Tue. Apr 16th, 2024


Telugu Desam Party (TDP) president and former Andhra Pradesh chief minister N Chandrababu Naidu on Tuesday failed to secure any immediate reprieve from the Supreme Court in connection with his arrest by the Crime Investigation Department (CID) in the alleged 371 crore skill development scam.

A demonstration against Telugu Desam Party (TDP) leader N Chandrababu Naidu’s arrest in New Delhi. (PTI)

A bench of justices Aniruddha Bose and Bela M Trivedi refused to entertain Naidu’s plea to restrain the trial court from examining CID’s application for his custodial interrogation. CID’s application for Naidu’s police custody is slated to come up before the trial court on Wednesday. Naidu has been in judicial custody since September 9.

Adjourning Naidu’s plea for quashing the case to October 9, the bench refrained from admitting the TDP chief’s petition for the time being. It asked the Andhra Pradesh government to first adduce all the documents that were presented before the high court during the previous round of proceedings.

The issue of the production of documents arose after the state government claimed that the inquiry into the alleged scam was initiated much before 2018 when the Prevention of Corruption (PC) Act was amended to mandate prior sanction for prosecuting a public servant for acts done in the discharge of official duties.

While Naidu’s legal team, comprising senior advocates Harish Salve, Abhishek Manu Singhvi, and Sidharth Luthra, argued that the entire investigation and arrest of their client was illegal since no sanction under Section 17-A of the PC Act was obtained, the state government replied that the inquiry in the case had begun in 2017 and therefore, Section 17-A was not applicable.

Senior advocate Mukul Rohatgi, representing the Andhra Pradesh government, contended that the Central Bureau of Investigation (CBI) was seized of the matter even before the present government came to power in May 2019 and that a subsequent registration of an FIR in December 2021 will not make it mandatory for the police to take prior approval before arresting Naidu.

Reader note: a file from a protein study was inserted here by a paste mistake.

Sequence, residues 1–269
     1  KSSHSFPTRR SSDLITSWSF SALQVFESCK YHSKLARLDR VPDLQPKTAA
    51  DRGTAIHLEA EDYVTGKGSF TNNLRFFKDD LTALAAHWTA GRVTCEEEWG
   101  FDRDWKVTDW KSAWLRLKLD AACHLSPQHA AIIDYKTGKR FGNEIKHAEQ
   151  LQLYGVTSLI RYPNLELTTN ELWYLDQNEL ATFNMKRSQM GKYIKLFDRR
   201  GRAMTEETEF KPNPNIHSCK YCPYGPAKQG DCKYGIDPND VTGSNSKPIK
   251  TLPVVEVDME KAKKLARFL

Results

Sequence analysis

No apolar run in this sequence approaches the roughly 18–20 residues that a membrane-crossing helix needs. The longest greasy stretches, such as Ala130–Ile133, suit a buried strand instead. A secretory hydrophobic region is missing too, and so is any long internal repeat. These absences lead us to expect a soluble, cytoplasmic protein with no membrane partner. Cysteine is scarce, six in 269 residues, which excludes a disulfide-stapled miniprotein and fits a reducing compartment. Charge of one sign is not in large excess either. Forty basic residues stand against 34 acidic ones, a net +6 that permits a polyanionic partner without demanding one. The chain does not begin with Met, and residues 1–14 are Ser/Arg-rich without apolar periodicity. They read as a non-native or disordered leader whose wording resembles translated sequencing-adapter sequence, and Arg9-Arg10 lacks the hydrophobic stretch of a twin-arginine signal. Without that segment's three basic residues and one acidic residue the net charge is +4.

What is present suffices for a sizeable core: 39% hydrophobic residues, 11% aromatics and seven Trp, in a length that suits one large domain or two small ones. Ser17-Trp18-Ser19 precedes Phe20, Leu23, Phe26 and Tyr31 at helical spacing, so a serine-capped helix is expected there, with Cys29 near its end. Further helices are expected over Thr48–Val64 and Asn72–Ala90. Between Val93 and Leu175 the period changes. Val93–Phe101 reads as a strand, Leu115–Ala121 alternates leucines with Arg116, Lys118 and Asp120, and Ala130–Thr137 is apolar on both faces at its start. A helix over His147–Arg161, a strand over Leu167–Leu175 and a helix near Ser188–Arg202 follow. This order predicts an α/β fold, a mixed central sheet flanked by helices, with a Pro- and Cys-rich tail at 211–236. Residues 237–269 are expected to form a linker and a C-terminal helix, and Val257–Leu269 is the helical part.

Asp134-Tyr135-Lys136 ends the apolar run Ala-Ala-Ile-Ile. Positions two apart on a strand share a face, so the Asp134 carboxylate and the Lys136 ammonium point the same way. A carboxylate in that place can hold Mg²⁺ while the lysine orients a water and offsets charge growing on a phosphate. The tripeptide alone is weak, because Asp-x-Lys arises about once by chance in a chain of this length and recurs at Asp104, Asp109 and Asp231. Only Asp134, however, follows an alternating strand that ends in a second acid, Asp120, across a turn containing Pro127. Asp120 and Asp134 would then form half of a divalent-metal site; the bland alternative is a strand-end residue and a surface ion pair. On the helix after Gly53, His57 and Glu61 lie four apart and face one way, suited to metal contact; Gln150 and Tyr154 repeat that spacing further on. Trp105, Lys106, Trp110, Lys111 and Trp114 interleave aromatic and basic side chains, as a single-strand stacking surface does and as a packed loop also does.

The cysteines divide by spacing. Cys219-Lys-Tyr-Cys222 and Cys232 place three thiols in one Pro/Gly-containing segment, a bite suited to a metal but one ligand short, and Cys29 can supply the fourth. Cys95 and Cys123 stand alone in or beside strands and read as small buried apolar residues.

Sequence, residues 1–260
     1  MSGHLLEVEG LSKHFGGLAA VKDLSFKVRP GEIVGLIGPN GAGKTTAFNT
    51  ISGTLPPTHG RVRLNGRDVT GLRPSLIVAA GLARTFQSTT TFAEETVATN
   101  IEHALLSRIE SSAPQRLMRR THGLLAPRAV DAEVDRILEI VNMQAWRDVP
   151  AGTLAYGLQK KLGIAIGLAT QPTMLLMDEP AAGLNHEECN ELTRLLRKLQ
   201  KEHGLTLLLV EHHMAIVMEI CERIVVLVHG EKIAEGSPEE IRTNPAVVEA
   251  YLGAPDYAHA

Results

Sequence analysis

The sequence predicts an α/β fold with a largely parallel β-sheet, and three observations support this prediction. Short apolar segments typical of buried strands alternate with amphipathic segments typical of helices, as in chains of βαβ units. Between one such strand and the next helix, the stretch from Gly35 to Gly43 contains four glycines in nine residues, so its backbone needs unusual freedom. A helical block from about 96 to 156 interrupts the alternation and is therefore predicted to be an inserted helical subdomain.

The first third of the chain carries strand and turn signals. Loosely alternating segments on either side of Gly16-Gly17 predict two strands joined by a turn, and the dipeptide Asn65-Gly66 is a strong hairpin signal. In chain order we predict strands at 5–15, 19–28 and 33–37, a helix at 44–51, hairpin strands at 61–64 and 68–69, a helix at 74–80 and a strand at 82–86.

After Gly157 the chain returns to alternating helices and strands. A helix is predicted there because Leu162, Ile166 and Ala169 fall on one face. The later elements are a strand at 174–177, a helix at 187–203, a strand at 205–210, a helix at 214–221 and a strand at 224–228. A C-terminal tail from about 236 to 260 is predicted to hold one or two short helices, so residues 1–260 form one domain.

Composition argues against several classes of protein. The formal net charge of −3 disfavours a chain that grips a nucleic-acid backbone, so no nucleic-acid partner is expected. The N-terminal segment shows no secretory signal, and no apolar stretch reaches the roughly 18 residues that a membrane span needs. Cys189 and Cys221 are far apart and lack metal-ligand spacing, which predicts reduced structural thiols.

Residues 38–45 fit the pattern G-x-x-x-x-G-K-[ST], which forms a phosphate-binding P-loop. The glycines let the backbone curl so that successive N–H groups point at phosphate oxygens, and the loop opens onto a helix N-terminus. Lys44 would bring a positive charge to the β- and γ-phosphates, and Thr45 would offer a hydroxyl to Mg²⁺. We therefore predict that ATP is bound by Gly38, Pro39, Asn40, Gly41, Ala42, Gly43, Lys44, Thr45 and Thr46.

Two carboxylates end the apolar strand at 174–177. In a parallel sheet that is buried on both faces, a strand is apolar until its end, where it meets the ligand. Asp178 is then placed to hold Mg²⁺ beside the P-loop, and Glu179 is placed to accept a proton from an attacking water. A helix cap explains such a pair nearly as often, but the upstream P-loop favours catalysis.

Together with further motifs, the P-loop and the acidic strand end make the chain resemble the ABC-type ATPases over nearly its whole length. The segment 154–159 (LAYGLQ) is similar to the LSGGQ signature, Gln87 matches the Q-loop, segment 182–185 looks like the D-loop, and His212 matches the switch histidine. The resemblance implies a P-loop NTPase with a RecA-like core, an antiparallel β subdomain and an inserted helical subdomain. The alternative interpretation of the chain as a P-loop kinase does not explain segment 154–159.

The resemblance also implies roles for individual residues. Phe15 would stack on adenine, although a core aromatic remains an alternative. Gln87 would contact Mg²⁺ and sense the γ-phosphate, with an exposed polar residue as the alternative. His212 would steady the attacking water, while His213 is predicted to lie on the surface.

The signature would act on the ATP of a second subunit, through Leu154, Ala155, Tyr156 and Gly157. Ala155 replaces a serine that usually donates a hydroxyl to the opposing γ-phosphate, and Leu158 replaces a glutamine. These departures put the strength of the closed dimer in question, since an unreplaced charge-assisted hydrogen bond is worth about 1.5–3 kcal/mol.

To this, the bench asked Rohatgi to adduce all the records before it on October 9 when the matter will be heard next.

As the proceedings drew to a close, Luthra complained that the CID was pressing for Naidu’s custodial interrogation before the trial court and the remand application be put on hold until the bench hears the matter next. But the bench replied: “This, we are not considering today…We are not saying anything about that. Let all the documents that were before the high court be filed here.”

The investigation against Naidu centres around a scheme that allegedly diverted government funds intended for a skill development project into various shell companies through fraudulent invoices, which did not correspond with the delivery of services. He was arrested and later remanded in judicial custody in the matter on September 10.

Terming his arrest an instance of “regime revenge and political vendetta”, Naidu on September 23 moved an appeal against the Andhra Pradesh high court order, refusing to nix the first information report (FIR) in the case against him.

In its order on September 22, the high court said that no case for interference with the proceedings was made out when the probe in the case was at the fulcrum of attaining finality. It added that since the former chief minister’s alleged actions were unconnected with his official duties or functions, the requirement of prior approval or sanction under Section 17-A of the PC Act was inapplicable.

Naidu, in his appeal before the top court, said that he was suddenly named in the FIR registered over 21 months ago. “The petitioner was arrested in an illegal manner and deprived of his liberty motivated only by political reasons and even though there is no material against him, the petitioner is being made to suffer through an illegally motivated investigation, in clear violation of his fundamental right to fair investigation,” said the plea.

It contended that Naidu has been illegally put into custody in the FIR “as an orchestrated campaign of regime revenge and to derail the largest opposition in the state, the TDP” because assembly elections were around the corner and he had started conducting rallies and having mass public contact programmes.

“The Andhra Pradesh CID is acting at the behest of the ruling party in order to hurt the petitioner’s party’s chances in the state election due early next year in a clear example of regime revenge. The CID is threatening the officers and others to implicate the Petitioner, his family, and the Party,” read the petition, filed through advocate Guntur Pramod Kumar.

The petition emphasised that mandatory approval under Section 17-A of the PC Act was necessary before the initiation of the inquiry and the registration of the FIR against him since all the alleged acts in the case were relatable to the decisions taken by him in the discharge of his official duties.

The present scenario of regime revenge and political vendetta is exactly what Section 17-A seeks to restrict by protecting innocent persons, claimed Naidu, adding the initiation of investigation without such approval vitiates the entire proceedings since inception and the same is a jurisdictional error



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